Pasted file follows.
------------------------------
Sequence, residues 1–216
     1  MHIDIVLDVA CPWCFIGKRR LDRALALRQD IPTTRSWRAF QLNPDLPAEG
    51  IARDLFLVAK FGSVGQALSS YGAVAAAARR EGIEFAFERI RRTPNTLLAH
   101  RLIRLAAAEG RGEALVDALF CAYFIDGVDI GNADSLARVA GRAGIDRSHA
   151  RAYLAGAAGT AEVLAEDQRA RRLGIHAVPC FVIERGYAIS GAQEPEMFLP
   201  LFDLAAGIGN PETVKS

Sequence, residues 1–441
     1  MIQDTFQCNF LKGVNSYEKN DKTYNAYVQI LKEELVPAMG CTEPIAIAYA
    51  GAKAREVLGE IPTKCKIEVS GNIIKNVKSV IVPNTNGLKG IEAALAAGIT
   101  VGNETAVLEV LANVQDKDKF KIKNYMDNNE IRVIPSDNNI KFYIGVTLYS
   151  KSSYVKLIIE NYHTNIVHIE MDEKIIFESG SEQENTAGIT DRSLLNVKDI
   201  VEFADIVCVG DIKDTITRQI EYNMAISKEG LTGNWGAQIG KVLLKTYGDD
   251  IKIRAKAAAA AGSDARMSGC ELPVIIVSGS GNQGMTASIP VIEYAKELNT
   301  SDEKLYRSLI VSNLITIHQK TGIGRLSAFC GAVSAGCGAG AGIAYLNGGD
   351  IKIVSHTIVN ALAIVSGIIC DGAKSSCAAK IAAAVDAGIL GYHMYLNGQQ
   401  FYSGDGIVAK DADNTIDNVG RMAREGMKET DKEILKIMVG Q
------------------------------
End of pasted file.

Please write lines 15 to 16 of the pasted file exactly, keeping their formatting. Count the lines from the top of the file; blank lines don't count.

   351  IKIVSHTIVN ALAIVSGIIC DGAKSSCAAK IAAAVDAGIL GYHMYLNGQQ
   401  FYSGDGIVAK DADNTIDNVG RMAREGMKET DKEILKIMVG Q